Risks of estrogen plus progestin therapy: a sensitivity analysis of findings in the Women's Health Initiative randomized controlled trial

S Shapiro
Climacteric: the Journal of the International Menopause Society 2003, 6 (4): 302-10; discussion 310-3

CONTEXT: The Women's Health Initiative (WHI) randomized controlled trial that compared estrogen plus progestin versus placebo was stopped because of a significantly increased risk of breast cancer in the active treatment group (reason 1), and because a global index supported a finding of overall harm (reason 2). The possibility that the findings could have been accounted for by bias was not considered.

OBJECTIVE: The present analysis was undertaken to determine whether detection bias is a plausible alternative to causality as an explanation for those findings that contributed to the reasons for discontinuing the study.

DESIGN: setting and participants: This work took the form of a sensitivity analysis of the published WHI data to determine the magnitude of the detection bias required to account for those findings that contributed to the two reasons for stopping the study.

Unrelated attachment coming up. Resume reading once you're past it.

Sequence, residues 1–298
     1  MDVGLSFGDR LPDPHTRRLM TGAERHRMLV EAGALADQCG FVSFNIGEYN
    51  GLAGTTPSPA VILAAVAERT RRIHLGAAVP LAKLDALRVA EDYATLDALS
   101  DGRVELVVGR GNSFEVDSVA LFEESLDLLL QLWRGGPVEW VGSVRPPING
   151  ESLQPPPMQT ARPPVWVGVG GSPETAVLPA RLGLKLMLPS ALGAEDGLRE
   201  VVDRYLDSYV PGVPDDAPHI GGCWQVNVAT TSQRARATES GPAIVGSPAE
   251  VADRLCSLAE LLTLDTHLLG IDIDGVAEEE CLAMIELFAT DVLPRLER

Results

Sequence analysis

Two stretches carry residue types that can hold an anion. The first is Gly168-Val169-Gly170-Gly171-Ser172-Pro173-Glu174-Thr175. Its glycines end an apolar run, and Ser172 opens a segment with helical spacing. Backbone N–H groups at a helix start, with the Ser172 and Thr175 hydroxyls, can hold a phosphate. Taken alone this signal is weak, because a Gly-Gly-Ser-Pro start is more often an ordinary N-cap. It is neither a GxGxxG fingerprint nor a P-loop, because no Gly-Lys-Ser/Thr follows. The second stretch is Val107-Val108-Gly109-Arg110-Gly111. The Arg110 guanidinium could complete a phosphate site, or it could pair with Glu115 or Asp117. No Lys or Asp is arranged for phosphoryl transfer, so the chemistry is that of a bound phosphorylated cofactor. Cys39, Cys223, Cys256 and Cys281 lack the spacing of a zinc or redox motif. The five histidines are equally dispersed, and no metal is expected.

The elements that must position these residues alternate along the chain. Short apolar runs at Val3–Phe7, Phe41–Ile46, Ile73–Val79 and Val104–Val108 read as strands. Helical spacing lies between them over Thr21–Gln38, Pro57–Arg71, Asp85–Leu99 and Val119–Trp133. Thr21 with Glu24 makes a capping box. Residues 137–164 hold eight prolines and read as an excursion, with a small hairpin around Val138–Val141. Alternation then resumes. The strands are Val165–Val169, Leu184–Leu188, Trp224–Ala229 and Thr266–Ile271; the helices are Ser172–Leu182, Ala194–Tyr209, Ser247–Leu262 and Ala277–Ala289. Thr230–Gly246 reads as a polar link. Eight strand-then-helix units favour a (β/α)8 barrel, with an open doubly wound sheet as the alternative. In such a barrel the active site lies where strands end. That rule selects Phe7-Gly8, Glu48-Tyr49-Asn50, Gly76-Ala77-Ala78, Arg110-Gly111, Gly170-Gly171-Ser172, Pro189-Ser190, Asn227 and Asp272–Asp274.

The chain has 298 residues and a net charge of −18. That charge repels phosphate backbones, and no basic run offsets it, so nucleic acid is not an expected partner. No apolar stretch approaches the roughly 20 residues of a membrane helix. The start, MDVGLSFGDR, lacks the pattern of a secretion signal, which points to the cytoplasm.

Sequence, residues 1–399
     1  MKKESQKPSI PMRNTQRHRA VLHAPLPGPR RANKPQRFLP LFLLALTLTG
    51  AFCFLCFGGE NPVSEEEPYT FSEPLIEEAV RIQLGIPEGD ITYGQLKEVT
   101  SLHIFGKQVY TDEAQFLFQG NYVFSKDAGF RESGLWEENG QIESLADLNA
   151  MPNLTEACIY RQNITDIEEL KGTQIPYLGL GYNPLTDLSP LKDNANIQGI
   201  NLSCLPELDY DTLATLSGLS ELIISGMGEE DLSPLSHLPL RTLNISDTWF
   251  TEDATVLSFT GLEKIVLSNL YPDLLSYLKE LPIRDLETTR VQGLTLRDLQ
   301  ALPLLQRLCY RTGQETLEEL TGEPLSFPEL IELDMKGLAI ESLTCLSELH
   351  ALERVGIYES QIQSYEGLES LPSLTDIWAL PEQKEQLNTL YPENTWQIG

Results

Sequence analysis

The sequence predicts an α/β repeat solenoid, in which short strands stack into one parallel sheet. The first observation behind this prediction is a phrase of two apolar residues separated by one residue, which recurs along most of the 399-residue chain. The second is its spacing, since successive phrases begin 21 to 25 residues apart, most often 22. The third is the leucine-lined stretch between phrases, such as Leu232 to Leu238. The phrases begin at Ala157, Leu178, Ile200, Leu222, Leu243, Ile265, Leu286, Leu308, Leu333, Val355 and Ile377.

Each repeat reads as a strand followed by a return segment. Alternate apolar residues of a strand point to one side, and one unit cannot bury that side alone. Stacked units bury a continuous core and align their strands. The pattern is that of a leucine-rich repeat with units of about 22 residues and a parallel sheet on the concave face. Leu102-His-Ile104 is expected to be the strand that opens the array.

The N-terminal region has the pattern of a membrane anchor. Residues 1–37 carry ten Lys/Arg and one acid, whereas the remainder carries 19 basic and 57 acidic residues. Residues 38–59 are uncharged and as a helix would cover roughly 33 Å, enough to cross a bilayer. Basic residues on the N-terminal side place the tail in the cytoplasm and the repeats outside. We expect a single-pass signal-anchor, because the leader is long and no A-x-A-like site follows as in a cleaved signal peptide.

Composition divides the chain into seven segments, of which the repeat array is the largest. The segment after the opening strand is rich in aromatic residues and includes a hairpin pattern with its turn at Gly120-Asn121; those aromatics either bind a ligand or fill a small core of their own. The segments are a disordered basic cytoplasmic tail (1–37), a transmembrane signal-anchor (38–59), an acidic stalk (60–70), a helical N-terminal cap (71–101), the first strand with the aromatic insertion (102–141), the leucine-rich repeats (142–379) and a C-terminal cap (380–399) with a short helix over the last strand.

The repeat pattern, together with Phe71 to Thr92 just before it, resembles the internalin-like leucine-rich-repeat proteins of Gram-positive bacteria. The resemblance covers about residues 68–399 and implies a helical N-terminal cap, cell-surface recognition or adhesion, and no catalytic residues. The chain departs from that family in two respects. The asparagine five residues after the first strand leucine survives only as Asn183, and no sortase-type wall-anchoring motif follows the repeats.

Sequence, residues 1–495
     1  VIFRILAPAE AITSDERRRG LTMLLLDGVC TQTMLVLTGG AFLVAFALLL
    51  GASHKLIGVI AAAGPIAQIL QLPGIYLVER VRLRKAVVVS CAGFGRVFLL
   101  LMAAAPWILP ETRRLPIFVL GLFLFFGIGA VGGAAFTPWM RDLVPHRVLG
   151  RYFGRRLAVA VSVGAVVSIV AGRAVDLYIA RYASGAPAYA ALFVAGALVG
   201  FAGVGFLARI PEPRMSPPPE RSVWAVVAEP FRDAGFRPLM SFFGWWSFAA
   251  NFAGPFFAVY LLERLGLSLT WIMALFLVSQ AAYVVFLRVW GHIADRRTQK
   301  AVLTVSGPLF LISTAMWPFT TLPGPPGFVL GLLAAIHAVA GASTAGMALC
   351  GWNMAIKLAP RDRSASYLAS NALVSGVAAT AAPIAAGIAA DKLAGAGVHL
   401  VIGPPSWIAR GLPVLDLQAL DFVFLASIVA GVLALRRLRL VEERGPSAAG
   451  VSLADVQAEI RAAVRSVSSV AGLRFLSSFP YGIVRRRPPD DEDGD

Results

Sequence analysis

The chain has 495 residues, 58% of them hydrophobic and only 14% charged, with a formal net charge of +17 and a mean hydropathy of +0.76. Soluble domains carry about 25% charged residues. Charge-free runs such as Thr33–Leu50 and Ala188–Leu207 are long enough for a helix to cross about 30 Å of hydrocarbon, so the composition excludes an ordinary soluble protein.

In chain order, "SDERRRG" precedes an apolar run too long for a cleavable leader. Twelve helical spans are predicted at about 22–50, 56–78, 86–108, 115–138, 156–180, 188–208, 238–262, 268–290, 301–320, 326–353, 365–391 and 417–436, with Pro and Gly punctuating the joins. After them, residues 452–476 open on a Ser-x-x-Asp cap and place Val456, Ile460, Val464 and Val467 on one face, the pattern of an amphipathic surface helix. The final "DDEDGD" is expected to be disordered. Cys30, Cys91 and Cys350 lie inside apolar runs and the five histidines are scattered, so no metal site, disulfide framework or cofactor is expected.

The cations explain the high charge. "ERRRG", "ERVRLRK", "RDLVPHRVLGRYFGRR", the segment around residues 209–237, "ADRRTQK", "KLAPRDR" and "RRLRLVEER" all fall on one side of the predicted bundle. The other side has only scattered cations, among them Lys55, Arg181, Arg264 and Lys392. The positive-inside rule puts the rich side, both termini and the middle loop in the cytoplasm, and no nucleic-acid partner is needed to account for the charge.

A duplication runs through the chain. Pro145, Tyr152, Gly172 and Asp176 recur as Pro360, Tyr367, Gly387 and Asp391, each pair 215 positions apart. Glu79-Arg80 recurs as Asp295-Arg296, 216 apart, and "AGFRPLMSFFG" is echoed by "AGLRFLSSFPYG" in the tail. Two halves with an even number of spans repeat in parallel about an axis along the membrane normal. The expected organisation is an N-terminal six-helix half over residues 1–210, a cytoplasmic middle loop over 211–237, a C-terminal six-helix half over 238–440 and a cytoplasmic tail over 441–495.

MAIN OUTCOME MEASURES: These were differences in incidence rates of breast cancer (reason 1), and breast cancer, coronary heart disease, stroke and pulmonary embolism (reason 2), among estrogen plus progestin and placebo recipients.

RESULTS: In the WHI study, 44.4% of the women on active treatment, as against 6.8% of the placebo recipients, had their treatments unblinded (mainly because of vaginal bleeding). Among them, detection bias could not be excluded. For the three cardiovascular outcomes, bias became a strong likelihood after the women were twice cautioned about possible increased risks observed in the interim data among estrogen plus progestin recipients. On the null hypothesis, bias could have accounted for the observed associations if, on average, it augmented the detection of disease that would otherwise have gone undiagnosed by 0.7-0.8/1000 per year.

CONCLUSIONS: For differences in incidence of the order of 0.7-0.8/1000 per year, it is not possible to discriminate between causation and detection bias as alternative explanations for the findings.

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